Six Tunisian security forces have been wounded during a bomb explosion possibly linked to militant activity
Six members of the Tunisian security forces were wounded when a roadside bomb exploded Tuesday in the mountainous Kef region near the Algerian border, the interior ministry said in a statement.
"A roadside bomb exploded as a military vehicle passed by, wounding four soldiers and two members of the National Guard," the statement said.
At the time, the security forces were combing the mountains in the provinces of Kef and neighbouring Jendouba "where the remnants of a terrorist group is holed up," the ministry added.
Tunisia is one of the most stable North African states but does experience sporadic bursts of violence and militant activity.
“Although the incident is not unique, as there have been several incidents on the Tunisian-Algerian borders, we are wary of these attacks increasing during Ramadan," Tarek Al-Kahlaoui, director of the Tunisian Institute for Strategic Studies, told the Middle East Eye.
“These bombs were probably planted by terrorist groups linked to the Salafi jihadists in Tunisia. They believe these attacks are jihad and may therefore increase their activity during the holy month,” added Kahlaoui.
A policeman was wounded in a similar blast Sunday while earlier this month Al-Qaeda in the Islamic Maghreb (AQIM) for the first time claimed responsibility for a 27 May attack on the interior minister's residnece. The minister, Lotfi Ben Jeddou, was unharmed but killing four policemen were killed in the attack which took place in the western Kasserine region.
Since late 2012, Tunisian security forces have been battling fighters operating in the region close to the Algerian border, many of whom are suspected of having links to militant groups and al-Qaeda-influenced fighters.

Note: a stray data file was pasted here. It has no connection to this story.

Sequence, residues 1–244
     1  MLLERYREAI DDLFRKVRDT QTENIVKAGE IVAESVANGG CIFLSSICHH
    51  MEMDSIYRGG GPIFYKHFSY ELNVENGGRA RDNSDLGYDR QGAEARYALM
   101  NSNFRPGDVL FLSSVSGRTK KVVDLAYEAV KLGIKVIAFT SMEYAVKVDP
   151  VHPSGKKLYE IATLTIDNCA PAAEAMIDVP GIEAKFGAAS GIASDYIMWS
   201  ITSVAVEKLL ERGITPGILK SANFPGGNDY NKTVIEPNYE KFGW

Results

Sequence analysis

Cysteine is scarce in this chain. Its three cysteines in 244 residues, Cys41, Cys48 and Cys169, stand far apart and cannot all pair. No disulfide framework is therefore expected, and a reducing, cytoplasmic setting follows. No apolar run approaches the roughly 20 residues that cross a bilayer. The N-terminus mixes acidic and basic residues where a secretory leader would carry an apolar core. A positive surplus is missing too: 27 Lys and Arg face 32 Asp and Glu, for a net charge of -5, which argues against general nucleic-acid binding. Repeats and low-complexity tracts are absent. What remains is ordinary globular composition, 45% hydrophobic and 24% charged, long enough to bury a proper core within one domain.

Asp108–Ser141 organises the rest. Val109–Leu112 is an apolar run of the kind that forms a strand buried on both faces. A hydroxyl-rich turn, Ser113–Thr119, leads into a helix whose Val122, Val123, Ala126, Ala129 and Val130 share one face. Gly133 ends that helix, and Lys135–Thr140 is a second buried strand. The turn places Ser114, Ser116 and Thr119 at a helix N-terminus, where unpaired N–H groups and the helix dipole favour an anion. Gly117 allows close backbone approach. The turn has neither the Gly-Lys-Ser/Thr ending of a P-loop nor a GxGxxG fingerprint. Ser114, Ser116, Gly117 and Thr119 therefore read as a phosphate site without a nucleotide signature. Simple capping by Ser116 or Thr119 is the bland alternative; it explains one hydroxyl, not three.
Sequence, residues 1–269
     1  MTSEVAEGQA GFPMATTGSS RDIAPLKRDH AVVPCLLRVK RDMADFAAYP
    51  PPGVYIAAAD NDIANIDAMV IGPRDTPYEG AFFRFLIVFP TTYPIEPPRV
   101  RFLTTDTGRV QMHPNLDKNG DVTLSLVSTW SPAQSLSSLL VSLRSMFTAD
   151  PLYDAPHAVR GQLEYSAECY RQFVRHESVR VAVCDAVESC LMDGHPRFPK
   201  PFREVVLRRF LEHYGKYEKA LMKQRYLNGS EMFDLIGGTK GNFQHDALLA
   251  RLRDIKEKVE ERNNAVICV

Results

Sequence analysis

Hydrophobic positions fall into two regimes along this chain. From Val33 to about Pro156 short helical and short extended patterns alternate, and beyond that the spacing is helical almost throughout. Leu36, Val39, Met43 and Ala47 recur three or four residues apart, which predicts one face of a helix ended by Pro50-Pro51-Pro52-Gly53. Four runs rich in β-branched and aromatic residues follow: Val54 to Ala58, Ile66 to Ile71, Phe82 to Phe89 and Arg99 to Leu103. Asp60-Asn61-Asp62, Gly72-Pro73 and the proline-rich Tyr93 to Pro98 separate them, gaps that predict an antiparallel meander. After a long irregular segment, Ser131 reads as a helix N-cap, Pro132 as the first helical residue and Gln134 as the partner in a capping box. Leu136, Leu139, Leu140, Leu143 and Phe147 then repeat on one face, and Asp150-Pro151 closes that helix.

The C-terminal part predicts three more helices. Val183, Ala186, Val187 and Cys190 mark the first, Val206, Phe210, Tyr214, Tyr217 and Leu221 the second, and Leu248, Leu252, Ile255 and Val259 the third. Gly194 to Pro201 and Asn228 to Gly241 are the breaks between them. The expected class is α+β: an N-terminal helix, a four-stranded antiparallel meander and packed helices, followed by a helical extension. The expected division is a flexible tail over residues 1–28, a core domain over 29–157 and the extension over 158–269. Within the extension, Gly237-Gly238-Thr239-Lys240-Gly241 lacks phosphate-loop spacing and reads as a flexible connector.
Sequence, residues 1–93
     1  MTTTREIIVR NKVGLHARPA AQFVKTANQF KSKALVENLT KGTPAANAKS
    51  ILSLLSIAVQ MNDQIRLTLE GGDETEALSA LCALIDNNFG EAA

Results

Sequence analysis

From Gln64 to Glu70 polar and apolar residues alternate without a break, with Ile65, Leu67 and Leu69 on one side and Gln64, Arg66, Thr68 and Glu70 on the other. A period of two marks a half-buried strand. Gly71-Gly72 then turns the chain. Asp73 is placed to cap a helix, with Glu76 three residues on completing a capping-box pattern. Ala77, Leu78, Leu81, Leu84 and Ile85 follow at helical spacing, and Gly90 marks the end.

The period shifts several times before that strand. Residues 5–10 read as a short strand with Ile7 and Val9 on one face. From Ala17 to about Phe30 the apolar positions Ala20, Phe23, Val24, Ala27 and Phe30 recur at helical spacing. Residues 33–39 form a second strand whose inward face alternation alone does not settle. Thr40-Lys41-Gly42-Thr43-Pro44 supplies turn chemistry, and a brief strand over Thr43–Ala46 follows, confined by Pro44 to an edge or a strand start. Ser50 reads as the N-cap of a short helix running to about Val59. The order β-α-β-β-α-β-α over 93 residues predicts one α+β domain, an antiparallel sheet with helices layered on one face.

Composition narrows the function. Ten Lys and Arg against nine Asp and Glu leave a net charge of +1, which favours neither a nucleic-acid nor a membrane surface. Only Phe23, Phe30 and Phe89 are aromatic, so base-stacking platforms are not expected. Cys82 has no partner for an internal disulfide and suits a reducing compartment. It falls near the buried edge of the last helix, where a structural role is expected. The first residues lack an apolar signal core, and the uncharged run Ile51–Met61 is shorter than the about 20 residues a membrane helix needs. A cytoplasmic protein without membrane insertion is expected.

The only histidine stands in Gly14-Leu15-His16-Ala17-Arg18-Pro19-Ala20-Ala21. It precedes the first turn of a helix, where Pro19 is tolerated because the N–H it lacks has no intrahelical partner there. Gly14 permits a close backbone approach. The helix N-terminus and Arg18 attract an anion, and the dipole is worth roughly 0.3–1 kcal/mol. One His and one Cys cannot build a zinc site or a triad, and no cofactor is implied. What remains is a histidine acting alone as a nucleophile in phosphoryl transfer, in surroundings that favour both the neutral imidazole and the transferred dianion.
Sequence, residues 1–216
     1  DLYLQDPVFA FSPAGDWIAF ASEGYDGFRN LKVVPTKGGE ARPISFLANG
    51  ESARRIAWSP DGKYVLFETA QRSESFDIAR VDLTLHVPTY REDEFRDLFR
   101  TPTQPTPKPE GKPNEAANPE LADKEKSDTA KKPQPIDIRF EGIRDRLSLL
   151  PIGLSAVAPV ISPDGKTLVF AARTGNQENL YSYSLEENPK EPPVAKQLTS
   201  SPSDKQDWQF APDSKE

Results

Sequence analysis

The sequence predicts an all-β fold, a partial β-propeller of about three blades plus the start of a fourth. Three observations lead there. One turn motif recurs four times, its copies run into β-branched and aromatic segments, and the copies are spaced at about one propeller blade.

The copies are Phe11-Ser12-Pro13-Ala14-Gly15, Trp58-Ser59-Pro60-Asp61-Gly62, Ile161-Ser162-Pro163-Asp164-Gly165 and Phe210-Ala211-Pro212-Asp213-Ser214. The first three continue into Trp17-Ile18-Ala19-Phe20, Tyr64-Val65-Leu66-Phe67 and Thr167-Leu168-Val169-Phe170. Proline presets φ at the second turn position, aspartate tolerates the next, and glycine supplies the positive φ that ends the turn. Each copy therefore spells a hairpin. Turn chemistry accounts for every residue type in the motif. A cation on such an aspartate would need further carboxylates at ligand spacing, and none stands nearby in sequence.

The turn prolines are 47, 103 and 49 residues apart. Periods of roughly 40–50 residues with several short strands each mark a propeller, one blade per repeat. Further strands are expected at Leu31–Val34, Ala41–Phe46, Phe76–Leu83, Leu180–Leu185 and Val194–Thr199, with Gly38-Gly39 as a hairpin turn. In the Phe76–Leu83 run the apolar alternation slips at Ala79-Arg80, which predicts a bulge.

More than 20 policemen and army troops have been killed in the area, many by improvised bombs and mines, since the beginning of the unrest.
In August 2013, areas along Tunisia’s borders with Algeria and Libya were declared closed military zones, after nine Tunisian soldiers were killed in an ambush on Mount Chaambi in southern Tunisia.
Tunisian authorities say they have since gained the upper hand in the fight against militants active along the Algerian border, while admitting that the campaign to root out all the militants will take time.
Tunisia has also been wary of the growing influence of militant groups in neighbouring countries around the region.
According to Kahlaoui, most of the attacks on security forces taking place in Tunisia, are linked to members of Ansar al-Sharia. While most militants in Tunisia are believed to be members of this group, there seems to be a close link between the more extreme wing of Ansar al-Sharia and AQIM, a jihadist group that is more commonly associated Algeria. Ansar al-Sharia in Tunisia may also have loose links to other branches of the group across North Africa and other parts of the Middle East.
However, recent developments in Iraq, have seen the group apparently shift its attention eastward toward Iraq and Syria where the Islamic State (IS) has been making sweeping gains in recent weeks.
The head of Ansar al-Sharia in Tunisia, Abu Iyad al Tunisi, released a statement calling for reconciliation between the Islamic State of Iraq and the Levant (ISIL) now the Islamic State on 13 June. The statement was published on the group's Twitter feed.
“Similar to the situation in Syria, Tunisian Salafi jihadists are divided in their support between the al-Nusra Front and the Islamic State (IS). There is a tendency however among many Tunisian Salafi jihadists to support IS,” said Kahlaoui.
IS announced on Sunday the establishment of a caliphate, an Islamic form of government last seen under the Ottoman Empire, extending across territory under their control from Aleppo in northern Syria to Diyala in Iraq.